How to Grow an Avocado Tree
Growing your own avocados is a great way for kids and adults to connect with nature, but don't expect to impact your avocado toast budget anytime soon. Whether you start from seed or a nursery-grown avocado tree, patience is the one essential you can't do without. Plant a tree, and you'll wait three to four years for fruit. Start with a seed, you may wait 13 years or more. Even so, there's something undeniably special about homegrown avocados. So grow your own, and celebrate the wait!
- Starting an Avocado Tree From Seed
- Planting an Avocado Tree Outdoors
- Caring for Your Avocado Tree
- Harvesting and Ripening Avocados
Avocado trees are easy to start from seeds.
Starting an Avocado Tree From Seed
The seed of an avocado is the pit you pick out of the center of avocados you eat at home. One of the simplest ways to start a seed is with water in a normal kitchen glass or jar. It's also one of the most fun ways, because you and your family and friends can watch the roots grow.
To prep your seed, wash it well. Then insert three or four wooden toothpicks into the pit about one-third of the way down from the pointed end. Sit the pit on the glass, pointed end up, so the toothpicks support it on the rim. Add water to cover the seed's bottom half and sit it in a spot with bright light. A south- or west-facing windowsill is perfect. Refresh the water as needed to keep the seed's bottom covered. Then sit back and wait.
In about two to six weeks, your avocado seed should develop roots. Next, the seed's top will crack open and a sprout will emerge. When you reach that point, it's time for container planting. Plant the seed so that half of it stays above the soil line and half stays below.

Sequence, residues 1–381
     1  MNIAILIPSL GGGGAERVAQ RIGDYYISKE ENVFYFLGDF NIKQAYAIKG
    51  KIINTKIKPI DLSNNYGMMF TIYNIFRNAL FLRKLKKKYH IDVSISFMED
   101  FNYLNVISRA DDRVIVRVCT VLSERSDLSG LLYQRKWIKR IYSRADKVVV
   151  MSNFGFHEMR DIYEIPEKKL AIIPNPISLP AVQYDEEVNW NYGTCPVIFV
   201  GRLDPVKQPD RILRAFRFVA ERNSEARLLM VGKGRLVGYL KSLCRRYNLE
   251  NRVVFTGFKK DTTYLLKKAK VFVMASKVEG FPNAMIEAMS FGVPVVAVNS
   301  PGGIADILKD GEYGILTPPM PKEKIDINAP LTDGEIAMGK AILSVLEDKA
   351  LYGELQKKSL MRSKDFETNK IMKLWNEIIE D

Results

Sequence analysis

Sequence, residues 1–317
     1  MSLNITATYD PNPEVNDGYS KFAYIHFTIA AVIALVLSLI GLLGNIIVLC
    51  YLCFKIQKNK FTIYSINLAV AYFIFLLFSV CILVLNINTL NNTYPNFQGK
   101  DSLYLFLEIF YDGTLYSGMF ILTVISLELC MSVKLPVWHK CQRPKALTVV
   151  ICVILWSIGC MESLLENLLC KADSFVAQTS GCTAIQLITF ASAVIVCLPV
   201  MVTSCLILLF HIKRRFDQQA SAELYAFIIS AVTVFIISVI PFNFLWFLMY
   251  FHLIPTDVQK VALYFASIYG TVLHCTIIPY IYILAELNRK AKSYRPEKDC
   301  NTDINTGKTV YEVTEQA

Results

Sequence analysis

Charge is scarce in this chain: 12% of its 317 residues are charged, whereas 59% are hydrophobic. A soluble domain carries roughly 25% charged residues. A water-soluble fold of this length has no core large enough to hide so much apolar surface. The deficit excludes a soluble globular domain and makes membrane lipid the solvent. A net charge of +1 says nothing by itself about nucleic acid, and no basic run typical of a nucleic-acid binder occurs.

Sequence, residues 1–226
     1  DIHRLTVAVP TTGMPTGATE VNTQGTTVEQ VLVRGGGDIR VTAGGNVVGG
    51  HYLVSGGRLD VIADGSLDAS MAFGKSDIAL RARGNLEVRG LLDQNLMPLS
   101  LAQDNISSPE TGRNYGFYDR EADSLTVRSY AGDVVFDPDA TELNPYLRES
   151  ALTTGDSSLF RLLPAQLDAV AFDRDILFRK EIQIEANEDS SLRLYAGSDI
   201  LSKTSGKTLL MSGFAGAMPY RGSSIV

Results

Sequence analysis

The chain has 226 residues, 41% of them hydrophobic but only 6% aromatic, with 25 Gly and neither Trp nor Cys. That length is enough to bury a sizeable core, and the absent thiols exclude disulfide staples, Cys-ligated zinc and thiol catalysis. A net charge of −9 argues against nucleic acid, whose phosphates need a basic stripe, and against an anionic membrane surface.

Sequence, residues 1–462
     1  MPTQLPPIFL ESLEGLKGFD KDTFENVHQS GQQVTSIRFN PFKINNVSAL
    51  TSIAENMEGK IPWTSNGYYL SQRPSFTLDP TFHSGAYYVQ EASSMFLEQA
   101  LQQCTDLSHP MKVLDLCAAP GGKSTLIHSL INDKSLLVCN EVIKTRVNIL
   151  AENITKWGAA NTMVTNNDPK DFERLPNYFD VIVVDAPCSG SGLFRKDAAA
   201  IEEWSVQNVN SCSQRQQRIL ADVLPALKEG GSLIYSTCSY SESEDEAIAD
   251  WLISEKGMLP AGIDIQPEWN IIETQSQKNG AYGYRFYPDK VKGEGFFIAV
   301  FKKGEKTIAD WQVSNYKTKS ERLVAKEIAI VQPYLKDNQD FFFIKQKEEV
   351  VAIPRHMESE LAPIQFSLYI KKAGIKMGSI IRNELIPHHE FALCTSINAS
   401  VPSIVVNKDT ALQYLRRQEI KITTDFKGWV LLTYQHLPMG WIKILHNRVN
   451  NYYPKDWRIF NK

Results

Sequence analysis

Pennington Rejuvenate Premium All Purpose Potting Soil Mix gives your baby avocado an ideal home, with essential plant nutrients and Earth-friendly ingredients like added bio-stimulants and earthworm castings to help it thrive. After planting, water it well and place your avocado in the brightest light your home has.
Like indoor lemons and many other citrus trees, avocado trees do really well indoors. Natural terra cotta is a great choice for pots because the porous clay allows air and moisture to move through soil. Start with a 6- to 8-inch-diameter pot with good drainage holes. You can transplant to larger pots as your tree grows over the years.
Planting an Avocado Tree Outdoors
Avocados are tropical plants, so they don't tolerate cold well at all. If you live where temperatures rarely drop to freezing — places like the southernmost regions of Florida, Texas, Arizona or California — you can plant your sprouted seed or a nursery-grown tree outdoors. If you plant outside, do it in spring so your avocado gets settled in and strong before cooler winter months hit. If you're outside those regions, save your hopes and your avocado; stick with pots you can bring back indoors.
Before you plant, take a tip from regenerative agriculture and show your native soil some love. Incorporated into your planting site, Pennington Rejuvenate Natural & Organic Garden Soil Mix revitalizes soil with essential plant nutrients. Plus, you get nurturing ingredients like added bio-stimulants to improve plant nutrient uptake, earthworm castings to enhance soil nutrients and sustainably sourced peat to help you optimize the water and nutrients you use.
Choose a site with excellent drainage and full direct sun, protected from winds and frost. Allow plenty of room for the tree's mature size. With indoor and outdoor potted plants, containers restrict roots and help limit plant size. But in the ground, the restraints are off — avocado trees can grow 40 feet tall or more. Avocados have naturally shallow roots that need to breathe, so plant them at or slightly higher than the level they grew at in their pot.
Container-grown avocados make great houseplants.
Caring For Your Avocado Tree
With their large, leathery green leaves, avocados make gorgeous houseplants and landscape trees, even when they're fruitless. Once established, they don't demand much special care. Just provide these basic needs: